December 20, 2005

The Raise of XSLT Compilation

Slowly, gradually and with not much loud buzz both modern managed platforms - Java and .NET have switched to compiling XSLT implementations by default. First Java 5.0 made compiling Apache XSLTC processor a default transformer in JAXP 1.3 (instead of interpreting Apache XALAN). Then Microsoft released .NET 2.0 with new ...

Both Java and .NET declare the same reason for adopting XSLT compilation - performance. Here is a snippet from JAXP 1.3 documentation:

o XSLTC, the fast, compiling transformer, which is now the default engine for XSLT processing.
The XSLTC transformer generates a transformation engine, or translet, from an XSL stylesheet. This approach separates the interpretation of stylesheet instructions from their runtime application to XML data.

XSLTC works by compiling a stylesheet into Java byte code (translets), which can then be used to perform XSLT transformations. This approach greatly improves the performance of XSLT transformations where a given stylesheet is compiled once and used many times. It also generates an extremely lightweight translet, because only the XSLT instructions that are actually used by the stylesheet are included.
And here is what Microsoft XML Team writes about XslCompiledTransform:
To improve XSLT execution performance in the .NET Framework version 2.0, the XslTransform class has been replaced with a new XSLT 1.0 implementation: the XslCompiledTransform class. XslCompiledTransform compiles XSLT stylesheets to Microsoft Intermediate Language (MSIL) methods and then executes them. Execution time of the new processor is on average 4 times better than XslTransform and matches the speed of MSXML, the native XML processor.

Is it true that only XSLT compilation can provide the best XML transformation performance on managed platforms like Java and .NET? I have no fresh benchmark results, but AFAIR XSLTC was always one of the fastest XSLT processors undeservedly underused because of its unique processing model. And Microsoft also claims that new XslCompiledTransform now matches the speed of MSXML4. But what about Saxon? It's interpreting XSLT engine and it's pretty fast. I believe Saxon is fast only due to numerous very smart and unique optimizations and so can't beat compiling optimizing XSLT processor.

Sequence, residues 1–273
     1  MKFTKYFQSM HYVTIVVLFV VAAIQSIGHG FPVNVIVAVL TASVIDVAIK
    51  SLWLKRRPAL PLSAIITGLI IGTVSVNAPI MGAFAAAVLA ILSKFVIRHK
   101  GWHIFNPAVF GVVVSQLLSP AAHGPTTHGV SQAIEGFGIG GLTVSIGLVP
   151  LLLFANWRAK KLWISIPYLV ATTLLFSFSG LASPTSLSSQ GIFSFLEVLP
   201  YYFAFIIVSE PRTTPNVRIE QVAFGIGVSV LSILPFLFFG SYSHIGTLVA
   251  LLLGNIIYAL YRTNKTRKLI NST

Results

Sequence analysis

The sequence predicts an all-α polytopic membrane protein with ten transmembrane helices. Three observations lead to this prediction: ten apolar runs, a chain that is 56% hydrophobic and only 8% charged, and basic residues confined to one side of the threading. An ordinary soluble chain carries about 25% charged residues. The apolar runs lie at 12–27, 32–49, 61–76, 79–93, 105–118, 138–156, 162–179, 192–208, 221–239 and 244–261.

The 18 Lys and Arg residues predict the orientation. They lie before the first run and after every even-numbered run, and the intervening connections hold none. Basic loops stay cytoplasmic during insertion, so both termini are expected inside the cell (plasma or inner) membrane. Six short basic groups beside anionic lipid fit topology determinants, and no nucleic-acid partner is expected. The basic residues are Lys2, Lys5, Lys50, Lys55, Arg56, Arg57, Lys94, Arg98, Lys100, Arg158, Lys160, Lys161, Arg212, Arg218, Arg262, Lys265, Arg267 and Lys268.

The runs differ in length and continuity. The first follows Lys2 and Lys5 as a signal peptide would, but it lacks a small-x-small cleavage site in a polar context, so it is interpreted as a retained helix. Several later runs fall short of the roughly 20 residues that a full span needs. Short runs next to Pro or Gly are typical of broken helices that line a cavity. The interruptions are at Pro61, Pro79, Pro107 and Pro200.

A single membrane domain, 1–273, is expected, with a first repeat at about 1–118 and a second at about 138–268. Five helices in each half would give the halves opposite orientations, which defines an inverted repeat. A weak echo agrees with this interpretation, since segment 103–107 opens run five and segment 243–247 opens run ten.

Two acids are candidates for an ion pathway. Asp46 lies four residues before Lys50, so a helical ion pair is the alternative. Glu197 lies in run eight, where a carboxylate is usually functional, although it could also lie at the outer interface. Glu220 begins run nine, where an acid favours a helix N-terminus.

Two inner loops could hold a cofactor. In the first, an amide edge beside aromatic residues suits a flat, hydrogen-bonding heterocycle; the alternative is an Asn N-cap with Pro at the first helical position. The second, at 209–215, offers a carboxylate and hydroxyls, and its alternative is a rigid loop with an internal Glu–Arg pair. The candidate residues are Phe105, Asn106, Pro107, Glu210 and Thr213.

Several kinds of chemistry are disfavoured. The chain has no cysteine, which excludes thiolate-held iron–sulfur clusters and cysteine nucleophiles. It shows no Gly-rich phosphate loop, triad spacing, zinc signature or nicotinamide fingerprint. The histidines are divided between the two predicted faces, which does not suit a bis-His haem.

The idea that ideal XSLT engine is optimizing compiling one sounds pretty obvious. XSLT was and is meant to be compiled, not interpreted and despite the fact that for years there was only a single semi-experimental compiling XSLT engine around - Sun's XSLTC (now Apache XSLTC), XSLT 2.0 is still looks like more traditional compiled language than a dynamic one.

Ok, but what about the future? I think that's safe to say that in the future XSLT compilation will be even more pervasive. Apache community (with IBM behind contributing developers) have chosen XSLTC, not XALAN as a basis for their future XSLT 2.0 implementation and I have no doubts that Microsoft will implement XSLT 2.0 only as a compiling engine too. And I love it. I predict that in a near future we will be compiling XSLT stylesheets as we do with ordinary Java or C# classes and call "translets" at run time as usual classes without bothering to load stylesheet sources first.

Btw, it should be noted that for Java users the switch to another default XSLT engine went mostly unnoticed thanks to JAXP, while Microsoft has no JAXP analog so users have to migrate to the XslCompiledTransform explicitly modifying their code. I'll address that in a separate post though.

RSS Bandit Nightcrawler release in Russian

RSSBandit users who are interested in Russian localization were probably disapointed when found no Russian language support in the Nightcrawler release. Sorry about that, I was too late for the deadline. Good news is that RSS Bandit bugfix release with Russian localization is expected really soon - most likely before ...